What events led to the present political juncture in Nepal? When the Maoists started their armed struggle in April 1996, the nascent parliamentary democracy in Nepal had started revealing its fissures. Gradually its instability had come to the surface. Coupled with parliamentary opportunism (and corruption) characteristic of a halfway-house democracy, the parliamentary institution itself in a few years earned enough disgrace in the eyes of the people. Both the monarchy and the Maoists benefited from this crisis. However, it was not before the turn of the century that the key question of an alternative system came to the fore. While ‘celebrating’ the tenth anniversary of the great democratic upsurge of 1990 and promulgation of the new constitution, Nepali newspapers prominently discussed the question of whether a review of the decade old constitution was necessary. A good section of intelligentsia expressed the need either to draft a new constitution or drastically reform the old one. The greatest flaw in the 1990 constitution was that it was not a product of any representative constituent assembly, it was just drafted by monarchy and political parties together. As a result, the supremacy was vested clearly to the people’s representatives and the main arm of state power, the army remained in the hands of the king. Moreover, he had the last say in foreign affairs. It was at that time that Maoists picked up the issue of the constituent assembly, which was originally the common demand of the democratic movement of 1990. For that matter, Nepali Congress had already raised this demand decades back. However, the compromise at the peak of the people’s upsurge relegated this issue to the background.
In the sway of victory, Nepali political parties had no apprehension at the time that this loophole would be utilized by a shrewd monarch in the event of crisis of instability in the parliamentary system or that it might lead to a reactionary coup by the king. However, Gyanendra precisely did that first as a dress rehearsal towards the end of 2002, sacking the Deuba government on the charge of its ‘incompetence’ in dealing with the Maoists and holding elections, and then finally in February last year. Thus he laid down the background of a revolution for establishing a democratic republic. As he had usurped the kingship following a conspiratorial palatial massacre, he himself suffered a crisis of credibility from the very beginning, and this fact quickly pushed him towards the autocratic option. The king himself could never achieve the twin tasks of dealing with the Maoists and holding elections. It soon became clear that it was only a ploy to cling to power and this led the entire political spectrum to unite and wage a movement to restore democracy.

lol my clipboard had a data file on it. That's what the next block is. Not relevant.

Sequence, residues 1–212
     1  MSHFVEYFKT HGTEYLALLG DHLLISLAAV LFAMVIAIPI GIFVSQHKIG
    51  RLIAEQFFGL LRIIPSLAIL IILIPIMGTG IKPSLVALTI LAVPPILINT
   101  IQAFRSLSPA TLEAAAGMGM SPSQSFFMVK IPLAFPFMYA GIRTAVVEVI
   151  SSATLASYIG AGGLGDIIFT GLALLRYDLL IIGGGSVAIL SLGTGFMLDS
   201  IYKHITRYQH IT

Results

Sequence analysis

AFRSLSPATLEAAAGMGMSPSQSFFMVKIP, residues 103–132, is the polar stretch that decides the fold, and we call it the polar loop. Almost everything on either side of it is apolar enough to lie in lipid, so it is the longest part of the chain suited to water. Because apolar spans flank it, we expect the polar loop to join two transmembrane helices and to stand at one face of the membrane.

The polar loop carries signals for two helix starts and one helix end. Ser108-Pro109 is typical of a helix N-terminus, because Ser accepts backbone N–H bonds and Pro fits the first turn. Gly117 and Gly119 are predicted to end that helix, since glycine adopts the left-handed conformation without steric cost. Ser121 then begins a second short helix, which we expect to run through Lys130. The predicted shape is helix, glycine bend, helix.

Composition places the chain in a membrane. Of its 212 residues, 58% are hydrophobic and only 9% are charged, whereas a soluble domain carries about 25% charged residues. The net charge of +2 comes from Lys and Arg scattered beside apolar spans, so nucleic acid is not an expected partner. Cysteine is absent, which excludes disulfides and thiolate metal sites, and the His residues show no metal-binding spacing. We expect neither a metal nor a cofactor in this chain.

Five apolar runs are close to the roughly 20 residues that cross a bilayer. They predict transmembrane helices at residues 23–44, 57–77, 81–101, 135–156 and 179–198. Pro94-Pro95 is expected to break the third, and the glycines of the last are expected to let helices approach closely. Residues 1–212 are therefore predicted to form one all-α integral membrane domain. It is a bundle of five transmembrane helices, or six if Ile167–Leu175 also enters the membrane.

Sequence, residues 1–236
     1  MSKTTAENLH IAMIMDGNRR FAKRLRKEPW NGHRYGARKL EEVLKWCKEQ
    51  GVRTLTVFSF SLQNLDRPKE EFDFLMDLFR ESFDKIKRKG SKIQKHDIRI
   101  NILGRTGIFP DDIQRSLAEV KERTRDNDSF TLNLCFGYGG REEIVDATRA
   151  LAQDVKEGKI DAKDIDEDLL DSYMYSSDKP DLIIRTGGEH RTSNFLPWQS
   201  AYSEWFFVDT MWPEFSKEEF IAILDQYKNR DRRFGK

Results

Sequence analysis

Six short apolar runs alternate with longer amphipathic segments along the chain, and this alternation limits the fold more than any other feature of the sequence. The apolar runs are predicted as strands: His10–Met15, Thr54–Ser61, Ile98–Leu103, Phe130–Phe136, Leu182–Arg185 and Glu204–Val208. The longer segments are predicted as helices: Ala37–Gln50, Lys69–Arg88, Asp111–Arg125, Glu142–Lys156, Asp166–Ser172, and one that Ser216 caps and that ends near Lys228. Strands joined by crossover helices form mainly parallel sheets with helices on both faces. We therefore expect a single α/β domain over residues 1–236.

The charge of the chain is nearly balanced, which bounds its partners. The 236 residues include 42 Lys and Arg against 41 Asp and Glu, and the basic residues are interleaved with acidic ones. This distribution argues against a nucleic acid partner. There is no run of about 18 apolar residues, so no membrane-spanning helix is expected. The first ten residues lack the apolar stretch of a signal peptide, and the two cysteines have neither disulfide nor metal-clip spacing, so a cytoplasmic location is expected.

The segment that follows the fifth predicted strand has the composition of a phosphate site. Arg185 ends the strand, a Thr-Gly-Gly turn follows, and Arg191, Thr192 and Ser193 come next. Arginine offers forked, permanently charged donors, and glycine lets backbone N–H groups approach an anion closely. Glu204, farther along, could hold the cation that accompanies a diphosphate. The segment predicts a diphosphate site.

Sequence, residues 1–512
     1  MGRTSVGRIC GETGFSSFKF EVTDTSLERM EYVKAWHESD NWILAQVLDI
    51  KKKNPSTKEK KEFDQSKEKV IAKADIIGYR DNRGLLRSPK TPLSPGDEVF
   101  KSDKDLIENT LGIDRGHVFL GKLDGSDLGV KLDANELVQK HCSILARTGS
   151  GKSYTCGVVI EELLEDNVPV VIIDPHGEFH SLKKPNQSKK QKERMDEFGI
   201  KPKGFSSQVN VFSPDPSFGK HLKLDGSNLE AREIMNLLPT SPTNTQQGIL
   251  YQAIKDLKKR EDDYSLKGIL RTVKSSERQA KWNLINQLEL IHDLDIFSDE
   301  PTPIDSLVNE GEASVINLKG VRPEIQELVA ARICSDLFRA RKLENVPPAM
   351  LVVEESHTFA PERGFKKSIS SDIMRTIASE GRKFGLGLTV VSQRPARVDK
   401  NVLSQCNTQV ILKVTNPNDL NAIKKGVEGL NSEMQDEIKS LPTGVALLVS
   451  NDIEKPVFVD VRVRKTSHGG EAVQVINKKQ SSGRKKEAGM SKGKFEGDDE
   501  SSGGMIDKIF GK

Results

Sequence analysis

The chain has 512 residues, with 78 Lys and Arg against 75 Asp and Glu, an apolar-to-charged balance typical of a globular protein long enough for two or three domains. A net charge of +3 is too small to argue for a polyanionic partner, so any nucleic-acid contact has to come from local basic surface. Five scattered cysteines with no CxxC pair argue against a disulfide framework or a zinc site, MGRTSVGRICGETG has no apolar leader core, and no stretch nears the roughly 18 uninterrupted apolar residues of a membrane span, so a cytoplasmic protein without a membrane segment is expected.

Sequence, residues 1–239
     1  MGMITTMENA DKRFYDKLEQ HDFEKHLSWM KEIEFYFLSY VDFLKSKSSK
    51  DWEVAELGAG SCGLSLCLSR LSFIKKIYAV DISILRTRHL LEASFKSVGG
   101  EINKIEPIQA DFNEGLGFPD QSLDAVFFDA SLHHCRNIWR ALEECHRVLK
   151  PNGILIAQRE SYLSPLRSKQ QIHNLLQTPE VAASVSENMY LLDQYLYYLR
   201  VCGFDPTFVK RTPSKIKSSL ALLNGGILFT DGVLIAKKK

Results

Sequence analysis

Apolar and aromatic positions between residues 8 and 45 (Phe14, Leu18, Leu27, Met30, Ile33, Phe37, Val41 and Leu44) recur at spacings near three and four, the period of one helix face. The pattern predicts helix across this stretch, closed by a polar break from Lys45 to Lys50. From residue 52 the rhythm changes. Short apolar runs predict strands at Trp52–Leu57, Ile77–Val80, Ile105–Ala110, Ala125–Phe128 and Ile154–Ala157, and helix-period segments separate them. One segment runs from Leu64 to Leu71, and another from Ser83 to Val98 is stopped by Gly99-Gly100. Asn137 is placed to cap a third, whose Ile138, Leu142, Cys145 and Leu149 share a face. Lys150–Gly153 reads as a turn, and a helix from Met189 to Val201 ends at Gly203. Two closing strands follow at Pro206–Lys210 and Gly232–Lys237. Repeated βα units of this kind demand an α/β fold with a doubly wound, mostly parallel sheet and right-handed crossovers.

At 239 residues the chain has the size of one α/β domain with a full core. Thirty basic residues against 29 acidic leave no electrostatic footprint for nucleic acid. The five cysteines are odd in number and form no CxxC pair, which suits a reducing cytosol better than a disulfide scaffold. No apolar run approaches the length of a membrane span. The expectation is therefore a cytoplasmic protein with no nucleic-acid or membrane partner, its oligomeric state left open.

The Opposition Comes Together
Still, for a couple of years the parliamentary parties and Maoists could not arrive at a single issue, because the king was playing his cards deftly. The king mobilized the erstwhile monarchists and by alternatively assigning importance to Maoists and parliamentary parties, he could successfully conspire to drive a wedge between the two camps. This also became possible because, having a stake in the 1990 constitution, political parties including CPN (UML) had nurtured an anachronistic notion that both monarchy and parliament were the ‘two pillars’ of governance in Nepal, a position held by Indian establishment as well. And CPN (Maoists) were of the view that a compromise could be reached on no less than the demand for an elected constituent assembly. Thus the political polarization remained triangular which created great confusion and passivity among the masses as to what course could be adopted to get rid of the oppressive monarchy.
Following the February coup by the king, seven parties including CPN(UML), Nepal Congress (Democratic) [NC (D)], Jan Morcha Nepal, Nepal Mazdoor Kizan Party (NMKP), Nepal Sadbhawana Party [NSP (Anandi Devi)] and Joint Left Front of Nepal came together to form the SPA. As early as in June 2005 negotiations with Maoists had started. With the initiative of CPN (UML), who had by this time come to the realization that a new constituent assembly had to be called to wriggle out of the present state of affairs, and for that, an interim government had to be formed, an understanding was reached between Maoists and SPA, which came into force, thus paving the ground for the broadest possible front against the monarch. On the basis of this understanding the SPA launched a new spate of mass movement against the monarchy and ‘on their request’ Maoists unilaterally declared ceasefire in September 2005 for three months. Even then the Maoists had hoped that the king may respond positively. However, the king simply ignored the ceasefire and utilized the respite to suppress the agitation launched by the SPA. He was in no mood to retreat even a single step. Ultimately on 22 November the SPA and Maoists reached at 12-point agreement according to which a constituent assembly was to be convened, an interim government was to be formed for conducting elections to the constituent assembly, and the autocratic monarchy (not monarchy as such) was to be removed.